This week on The Jennifer Zamparelli Show, Jen spoke with Westmeath footballer Luke Loughlin about his journey through addiction and recovery. Listen back above.

27-year-old Luke Loughlin from Mullingar is known for playing with Westmeath, but off the pitch he has struggled with some major personal battles.

"I'm a recovering alcoholic and a recovering drug addict, and I have no problem saying that because I feel like that's who I am now and that's making me the person who I am," he told Jen.

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Discussing the root of his issues, Loughlin told Zamparelli that he never met his birth father and says that his perspective on this led him to feeling out of place. Growing up he felt he was always searching for something, whether it be attention or something to cope with feelings of rejection.

As he got older, the Mullingar man says those anxieties and fears grew, and he began to feel insecure around his looks and his body. By the time he reached the age of 13, he was looking for coping mechanisms in all the wrong places.

"When I drank that first time, it made me... I can't describe the feeling. It made me someone else, it really made me someone else. It made me confident, made me able to talk to girls - it just changed everything."

"I loved that person, I absolutely loved it. It escalated from there. I had always, even up until I was drinking recently, been chasing that first feeling of the first time I drank, and I never got it."

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By the time he was 16, Loughlin was consistently gambling with friends, which soon led to a cocaine habit. Despite the alcohol and drug use, though, it was his addiction to gambling at the age of 19 that led him to staying with family in New York - where gambling is illegal.

However, he soon discovered that "your problems follow you everywhere".

"I always knew I had a problem but I was always able to throw it under the carpet or patch over stuff or talk my way out," he told Jen, "I was so good at manipulating situations to suit myself. I could people please for one person or I could be assertive with another. It was all acting. When I got home I would be exhausted from putting on a show all the time."

During one fateful match against Down, Loughlin pulled his hamstring and decided then and there that he would be going "on a mad one". The bender lasted two months and left the footballer lying in bed, feeling every bit of his misery.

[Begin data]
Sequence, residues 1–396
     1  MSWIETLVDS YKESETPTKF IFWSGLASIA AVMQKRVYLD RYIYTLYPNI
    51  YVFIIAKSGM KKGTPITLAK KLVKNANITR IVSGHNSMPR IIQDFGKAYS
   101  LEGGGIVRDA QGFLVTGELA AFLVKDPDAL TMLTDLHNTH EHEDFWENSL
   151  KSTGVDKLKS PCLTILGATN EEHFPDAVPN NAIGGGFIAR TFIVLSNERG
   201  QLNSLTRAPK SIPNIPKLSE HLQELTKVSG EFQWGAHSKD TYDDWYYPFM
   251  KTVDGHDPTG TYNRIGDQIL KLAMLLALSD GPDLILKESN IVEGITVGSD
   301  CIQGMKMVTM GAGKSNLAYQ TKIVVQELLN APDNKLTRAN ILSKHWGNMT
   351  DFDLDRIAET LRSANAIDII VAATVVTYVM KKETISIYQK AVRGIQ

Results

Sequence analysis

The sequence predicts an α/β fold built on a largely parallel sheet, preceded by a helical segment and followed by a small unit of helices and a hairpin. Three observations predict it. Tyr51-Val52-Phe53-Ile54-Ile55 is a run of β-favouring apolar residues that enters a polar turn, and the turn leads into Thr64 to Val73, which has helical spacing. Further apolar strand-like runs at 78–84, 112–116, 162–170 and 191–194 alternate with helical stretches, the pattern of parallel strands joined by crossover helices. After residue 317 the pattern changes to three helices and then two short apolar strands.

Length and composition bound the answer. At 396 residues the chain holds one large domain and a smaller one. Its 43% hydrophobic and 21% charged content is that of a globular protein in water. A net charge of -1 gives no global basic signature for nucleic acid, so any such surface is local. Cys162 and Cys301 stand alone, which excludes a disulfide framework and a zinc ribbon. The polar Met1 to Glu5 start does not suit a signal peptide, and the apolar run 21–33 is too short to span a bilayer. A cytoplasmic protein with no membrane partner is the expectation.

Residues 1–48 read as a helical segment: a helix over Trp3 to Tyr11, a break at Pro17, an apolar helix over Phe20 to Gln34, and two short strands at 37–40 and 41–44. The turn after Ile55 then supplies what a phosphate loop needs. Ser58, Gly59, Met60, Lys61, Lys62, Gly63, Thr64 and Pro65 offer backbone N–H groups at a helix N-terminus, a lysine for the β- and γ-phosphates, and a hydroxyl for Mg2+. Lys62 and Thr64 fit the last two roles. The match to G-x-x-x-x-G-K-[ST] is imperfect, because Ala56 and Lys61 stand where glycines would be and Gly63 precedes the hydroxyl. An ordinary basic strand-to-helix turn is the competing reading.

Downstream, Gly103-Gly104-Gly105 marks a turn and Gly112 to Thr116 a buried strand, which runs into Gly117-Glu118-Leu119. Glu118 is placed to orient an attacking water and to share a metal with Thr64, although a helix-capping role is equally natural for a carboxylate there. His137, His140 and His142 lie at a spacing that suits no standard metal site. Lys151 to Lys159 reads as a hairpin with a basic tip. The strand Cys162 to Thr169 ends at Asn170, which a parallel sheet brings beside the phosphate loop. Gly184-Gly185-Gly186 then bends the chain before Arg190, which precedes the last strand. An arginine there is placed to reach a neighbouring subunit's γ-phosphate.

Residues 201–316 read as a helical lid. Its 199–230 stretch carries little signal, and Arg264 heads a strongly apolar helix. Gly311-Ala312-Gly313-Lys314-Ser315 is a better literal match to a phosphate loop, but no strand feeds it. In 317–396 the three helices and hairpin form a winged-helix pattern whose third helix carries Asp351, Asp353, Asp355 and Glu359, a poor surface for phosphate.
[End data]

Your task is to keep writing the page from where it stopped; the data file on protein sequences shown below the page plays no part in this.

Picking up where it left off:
"I'd be lying in bed and I'd be picking dates that I was going to kill myself. I'd have dates picked, and the dates would come - I'd be able to get on with life for a while - and the dates would come and I'd be too afraid, obviously, I was terrified. So I thought 'alright, I'll just drink myself to death, that's it, I'll just party until I can't go on anymore'. That's the way I was living."

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Despite family and friends asking him to get help "hundreds of times", the footballer says he would always be able to manipulate the situation or push those people away altogether.

"I always wanted to stop, always. I would always convince myself every time would be different. I could give up a drink maybe for a month - a month would be long for me, now - but I would reward myself at the end of that month thinking 'I deserve this now, I did well for that month'."

The 27-year-old's recovery journey started in Cuan Mhuire - Ireland's largest voluntary provider of addiction treatment services and residential rehabilitation, which he says was a great escape.

Despite knowing he needed help, he says he "ghosted" through the first few weeks and planned to con people into thinking he was recovered so that he could get out and get back to drinking.

Thankfully, hearing the stories of other residents in the centre inspired Luke to begin dealing with his problems head on.

To hear Luke's full interview with Jennifer on RTÉ 2FM, listen back above.

If you have been affected by issues raised in this story, please visit: www.rte.ie/helplines.